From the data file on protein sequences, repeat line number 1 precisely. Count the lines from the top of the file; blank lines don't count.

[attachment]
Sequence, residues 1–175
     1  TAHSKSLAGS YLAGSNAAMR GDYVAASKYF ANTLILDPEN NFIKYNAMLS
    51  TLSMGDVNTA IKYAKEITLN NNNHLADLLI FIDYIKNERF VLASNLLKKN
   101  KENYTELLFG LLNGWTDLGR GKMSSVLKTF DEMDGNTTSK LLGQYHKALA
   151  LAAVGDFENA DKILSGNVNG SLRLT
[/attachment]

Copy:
Sequence, residues 1–175